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Only the tax system can save the Irish housing market…

In a country that is only 4% urbanized to have a scarcity of land for building takes quite some doing. It takes generations, generations in which the political class, and those who elect them, ignored best interests of long-term planning; The budget next week as an opportunity to begin to undo some of this, but is vanishingly unlikely that will do so. Continue reading

A Procrastination Once Again

Hemingway had it right on bankruptcy, that it happens slowly then all at once. So too it seems are changes in how the world sees finance. For the best part of a decade now the (final?) flowering of Financialisation has been rampant. In the Eurozone we have seen the coupling of private financial sector debts to the state. In the USA we have seen the obsessing by the Republicans on inflation (though to be fair their store of things to be obsessed about is deep and wide). In the markets we have seen case after case of alleged manipulation, if not downright rigging, of key features. We have seen the growth of “dark pools” which have the effect of making organized markets such as the NYSE or the LSE less and less relevant with trading happening “offsite” And yet all these have been addressed.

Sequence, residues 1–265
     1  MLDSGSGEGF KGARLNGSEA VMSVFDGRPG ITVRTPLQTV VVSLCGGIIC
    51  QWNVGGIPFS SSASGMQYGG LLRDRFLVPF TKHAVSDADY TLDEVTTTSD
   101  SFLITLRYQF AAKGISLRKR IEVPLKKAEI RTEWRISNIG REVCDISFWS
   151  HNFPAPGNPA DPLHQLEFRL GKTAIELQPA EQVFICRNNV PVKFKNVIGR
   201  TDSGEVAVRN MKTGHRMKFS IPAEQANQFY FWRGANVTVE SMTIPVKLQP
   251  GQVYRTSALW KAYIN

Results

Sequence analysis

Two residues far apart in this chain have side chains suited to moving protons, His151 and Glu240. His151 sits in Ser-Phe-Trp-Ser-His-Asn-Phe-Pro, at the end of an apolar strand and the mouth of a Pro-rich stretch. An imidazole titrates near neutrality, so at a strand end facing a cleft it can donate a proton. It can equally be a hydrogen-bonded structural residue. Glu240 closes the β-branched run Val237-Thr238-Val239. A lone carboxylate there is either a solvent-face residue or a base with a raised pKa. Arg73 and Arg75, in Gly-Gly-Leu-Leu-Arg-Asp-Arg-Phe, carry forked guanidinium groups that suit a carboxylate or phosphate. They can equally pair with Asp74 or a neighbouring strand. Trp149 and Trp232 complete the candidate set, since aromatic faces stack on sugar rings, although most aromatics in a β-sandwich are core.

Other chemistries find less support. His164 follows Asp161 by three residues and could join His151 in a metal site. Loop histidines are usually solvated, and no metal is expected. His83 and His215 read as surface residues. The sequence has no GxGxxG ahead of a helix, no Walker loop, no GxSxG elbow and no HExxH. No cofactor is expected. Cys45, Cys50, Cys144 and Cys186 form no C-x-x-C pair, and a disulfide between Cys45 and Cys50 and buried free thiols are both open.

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Charging for on-street parking

I was recently in a midlands town, on a weekday morning. Like most such places it had on street pay parking. Like most places, it was pretty haunted at that junction. There were therefore vast numbers of available spaces in which to park, but the cost remained fixed. This got me thinking

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Plan B needed, times three, for the dangers ahead

This is an extended and linked version of an Irish Examiner oped published 24 November 2012